Know your watchlist: Keep your watchlist TIGHT. Maybe 20-30 stocks, watch them at least once or twice a day to see the price action. Not everyone does this full-time and honestly looking at the markets, watching every number tick for tick, for 8 hours a day is not good for your health. In my opinion, the most important times of day to watch your stocks is at the open 9:30-10am daily, then maybe once or twice throughout the day, and again before close looking for new setups and opportunities. These stocks should be fundamentally strong and a good mix of value stocks vs growth stocks so that you can sleep at night without watching futures and every bit of news. Also, you should know what is going on in the markets, use the SwaggyStocks economic calendar to see what potential events can affect the market. Is JPOW speaking? Are jobless claims coming out? GDP numbers? Retail sales? It would also be wise to understand how the markets react to interest rates, bonds, treasuries, precious metals, etc. A lot of those can be indicators on what the market is actually pricing in at the moment.

Stay away from the urge to FOMO into meme stocks: Traders see a MEME stock absolutely take-off up 50% in 4 days and then decide to hop in looking to ride the momentum. Typically that momentum slows down once retail/most traders figure it out. The people winning were the ones who got in before they even knew it was a meme stock. Of course there is a chance the trend will continue, but you should always figure out how much you are really trying to squeeze out of a stock. Are you trying to squeeze out 5% more to the upside with 20% risk downside if there is a reversal?

Lastly, before entering a position ask yourself where you see the stock in 1/3/6 months. Is there a better chance it will be higher in the next month? Or could there be a pull-back expected after a good run? Are you bullish on the trade, so are you entering with shares? Calls? Call debit spread? Put credit spread? I like to mix up my plays based on if I think the stock might consolidate for a month or two before going up. Your play should always allow you to make money if the stock stays flat as well as if it goes up. That’s why I will mix up buying shares, selling put spreads (without tying up too much capital), and entering diagonals (buying long-term calls with selling short-term calls similar to a covered call). As an example, I entered a WMT (Walmart) position 2 weeks ago, the stock was at around $132 and I sold a put spread instead of buying shares. Why? Because Walmart typically moves like a snail in either direction, so my bet was that Walmart would stay above $132 in 4 weeks time when my spread expires. Here I am gaining on the stock not moving at all, or the stock going up. I thought to myself Walmart had good earnings, Walmart+ will be a driver of growth, and as Walmart further develops their online brand, that would be bullish for the stock. Also, WMT is pretty fundamentally strong and not going anywhere, so the PUT credit spread allows me to collect on some THETA and the stock inching it’s way up. Today, at the time of writing, some bullshit TikTok news was released that WMT was making a bid for and now my spread is at 90% gain, easy $500… BUT this position was slightly underwater for the last 2 weeks, my position sizing and confidence allowed me to hold without really worrying about what was going to happen. I could have rolled out, but I didn’t feel the need to. Even though the position was in the red until today, I only needed WMT to gain a $1.50 for my spread to close 100% profit.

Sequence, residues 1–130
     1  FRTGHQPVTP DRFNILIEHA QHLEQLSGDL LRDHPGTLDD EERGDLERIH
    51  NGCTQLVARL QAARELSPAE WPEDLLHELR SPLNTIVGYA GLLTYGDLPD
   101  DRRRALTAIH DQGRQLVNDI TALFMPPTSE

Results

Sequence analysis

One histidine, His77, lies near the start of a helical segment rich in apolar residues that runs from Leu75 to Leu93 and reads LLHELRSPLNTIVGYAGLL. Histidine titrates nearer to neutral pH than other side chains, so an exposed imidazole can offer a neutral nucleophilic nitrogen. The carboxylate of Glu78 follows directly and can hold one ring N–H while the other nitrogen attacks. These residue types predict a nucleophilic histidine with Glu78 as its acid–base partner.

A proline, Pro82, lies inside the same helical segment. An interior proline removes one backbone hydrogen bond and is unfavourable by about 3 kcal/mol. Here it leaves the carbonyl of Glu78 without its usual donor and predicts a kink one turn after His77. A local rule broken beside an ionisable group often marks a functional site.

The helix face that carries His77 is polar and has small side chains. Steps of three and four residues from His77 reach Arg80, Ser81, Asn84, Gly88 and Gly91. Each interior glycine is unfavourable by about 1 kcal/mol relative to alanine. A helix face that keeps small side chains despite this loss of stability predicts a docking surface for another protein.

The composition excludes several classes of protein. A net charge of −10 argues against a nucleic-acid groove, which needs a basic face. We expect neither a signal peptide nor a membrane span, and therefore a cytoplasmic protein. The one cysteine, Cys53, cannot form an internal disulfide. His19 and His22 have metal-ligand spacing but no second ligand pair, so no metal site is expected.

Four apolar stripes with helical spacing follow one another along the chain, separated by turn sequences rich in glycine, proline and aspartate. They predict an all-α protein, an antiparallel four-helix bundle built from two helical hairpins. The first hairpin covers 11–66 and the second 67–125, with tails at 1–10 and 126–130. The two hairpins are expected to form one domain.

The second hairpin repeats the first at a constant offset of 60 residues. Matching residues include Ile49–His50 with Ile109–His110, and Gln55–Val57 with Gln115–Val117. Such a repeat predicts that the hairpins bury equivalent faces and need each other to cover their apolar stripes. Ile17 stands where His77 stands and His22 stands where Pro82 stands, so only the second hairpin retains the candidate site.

The fact that you are in stock forums, finance Twitter, or wherever (no trading discords pls) shows you are already one step of the game and will be in the know of any new stocks that might be become hot/trending. Play the long game with investing in the market and your account will grow faster than trying to make multi-baggers or 100% gainz quickly.

Share Post:

Share on facebook
Share on twitter
Share on linkedin
Share on whatsapp
Share on telegram
Share on email

Leave a Reply